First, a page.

Trump on Monday questioned the intelligence agencies’ findings at a press conference in Helsinki with Russian President Vladimir Putin. Ryan issued a statement afterward saying there’s “no question” that Russia interfered and “the president must appreciate that Russia is not our ally.”

In a letter to colleagues, House Minority Leader Nancy Pelosi said that Democrats will use a procedural move to try and force votes on the issue Tuesday. Pelosi said that Trump’s “total weakness in the presence of Putin proves that the Russians have something on the president, personally, financially or politically.”


10:34 a.m.

Russia’s Defense Ministry says it’s ready to boost cooperation with the U.S. military in Syria, following talks between U.S. President Donald Trump and Russian President Vladimir Putin.

The ministry said in a statement Tuesday that it’s ready for “practical implementation” of agreements reached by Trump and Putin.

It said Russia’s military leadership is ready to augment contacts with U.S. counterparts on “cooperation in Syria” and extending the START arms control treaty, but gave no details.

Putin said Russia and the U.S. reached common ground on Syria at Monday’s talks but gave few details.

The U.S. and Russia have backed opposite sides of Syria’s war, but U.S. and Russian officials are working toward an eventual deal on the balance of regional power in post-war Syria.


10:30 a.m.

President Donald Trump is unbowed by bipartisan criticism of his meeting with Russian President Vladimir Putin.

In a Tuesday tweet the President calls the Monday summit in Helsinki “even better” than his meeting with NATO allies last week in Brussels.

Trump is facing bipartisan criticism for his refusal to publicly challenge Putin over Russia’s election hacking and for doubting U.S. intelligence agency conclusions about Russian meddling in the 2016 campaign. Trump backers, including House Speaker Paul Ryan, Senate Foreign Relations Chairman Bob Corker, and former House Speaker Newt Gingrich have criticized his performance.

Trump is taking aim at a familiar target — the media — saying his NATO meeting was “great” but that he “had an even better meeting with Vladimir Putin of Russia. Sadly, it is not being reported that way – the Fake News is going Crazy!”

Even hosts on the Trump-preferred Fox News have been critical of his handling of the summit.


9:25 a.m.

Some lawmakers are talking about passing a resolution in support of U.S. intelligence agencies after President Donald Trump appeared to cast doubt on their findings that Russia interfered in the 2016 election.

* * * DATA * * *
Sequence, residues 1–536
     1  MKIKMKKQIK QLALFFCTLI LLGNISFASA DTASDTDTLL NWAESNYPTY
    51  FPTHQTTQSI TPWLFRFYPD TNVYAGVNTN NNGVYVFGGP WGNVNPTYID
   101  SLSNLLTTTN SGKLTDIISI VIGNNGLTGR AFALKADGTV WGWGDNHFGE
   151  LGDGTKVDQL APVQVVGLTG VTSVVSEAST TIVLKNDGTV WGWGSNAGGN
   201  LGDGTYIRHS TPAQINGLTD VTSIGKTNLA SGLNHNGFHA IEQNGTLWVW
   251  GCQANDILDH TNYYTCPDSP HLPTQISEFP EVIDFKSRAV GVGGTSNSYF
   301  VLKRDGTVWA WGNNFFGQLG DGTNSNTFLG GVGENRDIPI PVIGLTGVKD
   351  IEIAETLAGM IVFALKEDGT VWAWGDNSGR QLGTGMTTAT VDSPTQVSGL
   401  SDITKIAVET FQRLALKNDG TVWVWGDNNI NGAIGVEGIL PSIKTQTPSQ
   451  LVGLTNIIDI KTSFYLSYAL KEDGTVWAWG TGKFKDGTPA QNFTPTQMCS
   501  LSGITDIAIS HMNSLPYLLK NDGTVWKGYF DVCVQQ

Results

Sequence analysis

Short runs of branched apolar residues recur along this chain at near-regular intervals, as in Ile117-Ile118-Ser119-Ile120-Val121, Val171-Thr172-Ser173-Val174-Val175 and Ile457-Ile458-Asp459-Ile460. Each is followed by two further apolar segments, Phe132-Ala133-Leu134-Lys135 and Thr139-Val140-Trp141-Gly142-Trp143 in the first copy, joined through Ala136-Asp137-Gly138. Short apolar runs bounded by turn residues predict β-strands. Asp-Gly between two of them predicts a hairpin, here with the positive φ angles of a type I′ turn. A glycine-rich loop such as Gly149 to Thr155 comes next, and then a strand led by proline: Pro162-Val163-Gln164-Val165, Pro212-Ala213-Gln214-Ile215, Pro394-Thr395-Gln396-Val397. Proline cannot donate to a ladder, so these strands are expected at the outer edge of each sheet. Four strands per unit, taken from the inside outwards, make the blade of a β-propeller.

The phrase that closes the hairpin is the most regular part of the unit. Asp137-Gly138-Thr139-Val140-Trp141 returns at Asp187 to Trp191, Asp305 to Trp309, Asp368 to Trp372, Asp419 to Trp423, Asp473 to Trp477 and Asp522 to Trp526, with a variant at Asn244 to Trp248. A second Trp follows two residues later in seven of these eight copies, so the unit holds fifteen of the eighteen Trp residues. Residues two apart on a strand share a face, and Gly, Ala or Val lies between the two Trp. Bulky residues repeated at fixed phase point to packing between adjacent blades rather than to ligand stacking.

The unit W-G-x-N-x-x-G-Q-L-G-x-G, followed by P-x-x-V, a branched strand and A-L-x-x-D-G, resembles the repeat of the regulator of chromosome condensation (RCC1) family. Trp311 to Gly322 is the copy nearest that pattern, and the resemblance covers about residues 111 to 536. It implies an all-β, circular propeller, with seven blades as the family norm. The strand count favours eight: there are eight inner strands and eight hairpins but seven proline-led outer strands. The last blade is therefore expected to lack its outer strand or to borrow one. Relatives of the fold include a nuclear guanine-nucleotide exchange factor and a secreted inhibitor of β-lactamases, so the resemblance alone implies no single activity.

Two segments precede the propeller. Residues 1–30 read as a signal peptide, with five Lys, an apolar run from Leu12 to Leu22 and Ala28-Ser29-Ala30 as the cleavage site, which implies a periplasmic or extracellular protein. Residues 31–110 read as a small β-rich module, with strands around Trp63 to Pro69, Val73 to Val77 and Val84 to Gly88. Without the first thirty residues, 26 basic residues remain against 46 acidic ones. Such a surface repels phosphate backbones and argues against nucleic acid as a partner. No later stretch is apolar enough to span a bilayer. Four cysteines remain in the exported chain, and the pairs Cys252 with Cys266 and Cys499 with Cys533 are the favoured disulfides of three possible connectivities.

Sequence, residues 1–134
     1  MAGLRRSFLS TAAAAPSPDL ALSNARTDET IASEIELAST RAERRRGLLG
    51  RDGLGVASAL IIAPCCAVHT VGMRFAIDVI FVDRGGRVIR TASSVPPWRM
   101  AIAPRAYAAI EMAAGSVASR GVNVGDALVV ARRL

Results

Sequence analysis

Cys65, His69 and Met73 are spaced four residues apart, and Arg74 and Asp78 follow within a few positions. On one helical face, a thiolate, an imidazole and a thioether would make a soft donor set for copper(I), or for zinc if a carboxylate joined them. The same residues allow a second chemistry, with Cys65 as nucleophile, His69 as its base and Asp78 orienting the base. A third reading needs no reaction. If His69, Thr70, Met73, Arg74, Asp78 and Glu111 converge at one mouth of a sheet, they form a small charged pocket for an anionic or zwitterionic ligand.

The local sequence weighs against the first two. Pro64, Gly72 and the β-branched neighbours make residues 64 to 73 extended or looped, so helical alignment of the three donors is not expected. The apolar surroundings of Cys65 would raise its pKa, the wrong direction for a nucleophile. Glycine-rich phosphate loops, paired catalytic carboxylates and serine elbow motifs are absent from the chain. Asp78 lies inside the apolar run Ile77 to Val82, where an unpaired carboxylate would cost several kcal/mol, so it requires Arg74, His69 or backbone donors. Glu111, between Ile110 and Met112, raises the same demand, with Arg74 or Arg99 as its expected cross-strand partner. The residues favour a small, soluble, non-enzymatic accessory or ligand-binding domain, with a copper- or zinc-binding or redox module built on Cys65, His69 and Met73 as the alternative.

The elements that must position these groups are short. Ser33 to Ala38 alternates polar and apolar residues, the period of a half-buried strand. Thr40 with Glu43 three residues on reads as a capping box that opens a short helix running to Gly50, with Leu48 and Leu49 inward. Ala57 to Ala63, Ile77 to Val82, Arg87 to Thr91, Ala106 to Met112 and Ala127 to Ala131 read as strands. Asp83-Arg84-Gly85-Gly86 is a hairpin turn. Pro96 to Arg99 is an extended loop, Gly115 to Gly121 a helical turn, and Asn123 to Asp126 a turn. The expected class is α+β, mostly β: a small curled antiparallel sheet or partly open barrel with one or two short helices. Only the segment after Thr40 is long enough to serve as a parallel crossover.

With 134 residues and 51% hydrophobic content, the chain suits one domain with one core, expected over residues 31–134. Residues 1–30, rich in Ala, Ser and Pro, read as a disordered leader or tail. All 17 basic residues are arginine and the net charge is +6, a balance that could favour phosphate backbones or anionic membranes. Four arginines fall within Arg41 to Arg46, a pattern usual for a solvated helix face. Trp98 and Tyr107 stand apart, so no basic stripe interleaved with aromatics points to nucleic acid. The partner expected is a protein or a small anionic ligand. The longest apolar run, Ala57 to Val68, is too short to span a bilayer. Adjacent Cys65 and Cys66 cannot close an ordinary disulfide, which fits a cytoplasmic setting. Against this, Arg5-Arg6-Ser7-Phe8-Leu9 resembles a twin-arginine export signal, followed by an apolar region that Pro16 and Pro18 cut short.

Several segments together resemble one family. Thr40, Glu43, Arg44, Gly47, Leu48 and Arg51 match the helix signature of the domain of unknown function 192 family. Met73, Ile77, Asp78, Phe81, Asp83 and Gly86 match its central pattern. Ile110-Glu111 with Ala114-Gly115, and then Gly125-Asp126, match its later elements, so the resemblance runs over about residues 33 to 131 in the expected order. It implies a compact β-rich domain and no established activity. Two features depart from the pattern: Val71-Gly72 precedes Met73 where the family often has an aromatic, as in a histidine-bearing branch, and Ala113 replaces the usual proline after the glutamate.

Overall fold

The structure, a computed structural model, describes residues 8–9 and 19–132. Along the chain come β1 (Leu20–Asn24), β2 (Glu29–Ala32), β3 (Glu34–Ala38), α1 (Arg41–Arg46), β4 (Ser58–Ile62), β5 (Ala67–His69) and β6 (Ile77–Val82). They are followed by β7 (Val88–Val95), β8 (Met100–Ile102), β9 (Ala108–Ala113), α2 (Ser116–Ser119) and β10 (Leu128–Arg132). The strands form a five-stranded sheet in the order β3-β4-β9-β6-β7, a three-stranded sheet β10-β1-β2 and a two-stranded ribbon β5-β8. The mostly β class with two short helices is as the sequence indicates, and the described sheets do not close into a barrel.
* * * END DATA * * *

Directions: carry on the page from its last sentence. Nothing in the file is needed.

Rep. Will Hurd, R-Texas, tells CNN the talk picked up following Trump’s Helsinki press conference. “Is that going to change anything?” he asked. “Probably not.” Congressional resolutions don’t carry the force of law.

Other Republican lawmakers have joined the criticism.

Sen. Ben Sasse-R-Neb., told CBS “This Morning” that “the president isn’t leading. We negotiated from a position of weakness yesterday. Vladimir Putin walked away with a win.”

Rep. Adam Kinzinger, R-Ill., told CNN that Trump’s performance was “very embarrassing.”

But at least one Republican, Sen. Rand Paul of Kentucky, dismissed the president’s critics as those who hate the president.

Trump tweeted his thanks.


8:35 a.m.

Former White House communications director Anthony Scaramucci says President Donald Trump must waste no time in disavowing his Helsinki press conference comments, where Trump appeared to doubt U.S. intelligence and accepted Vladimir Putin’s denials of Russian election meddling.

Trump made a “strategic mistake” Monday that will drive his supporters into an alliance with opposition Democrats, Scaramucci warned on CNN. “He’s got to reverse course.”

“I’d be issuing a statement,” Scaramucci added. He said Trump must quickly say that he misspoke and that “the evidence is obviously irrefutable.”

Scaramucci added, “The optics of the situation are a disaster.”


12:14 a.m.

Swift and sweeping condemnation from Republicans as well as Democrats met President Donald Trump’s defense of Russian President Vladimir Putin and continued doubt over Russian election meddling.

Lawmakers and former intelligence officials appeared shocked, dismayed and uneasy with Trump’s suggestion Monday that he believes Putin’s denial over the assessment of U.S. intelligence officials and the Justice Department.

One of the sharpest reactions came from Republican Sen. John McCain of Arizona, who called Trump’s remarks in Helsinki “one of the most disgraceful performances by an American president in memory.”

Other Republicans have been scathing, too. Sen. Ben Sasse of Nebraska called it “bizarre,” Sen. Jeff Flake of Arizona called it “shameful,” and Sen. Lindsey Graham of South Carolina tweeted that it was a “bad day for the US.”


The Trump-Putin meeting news hub is active on the AP News site and the mobile app. It showcases AP’s overall coverage of the event. It can be found at https://www.apnews.com/tag/Trump-PutinSummit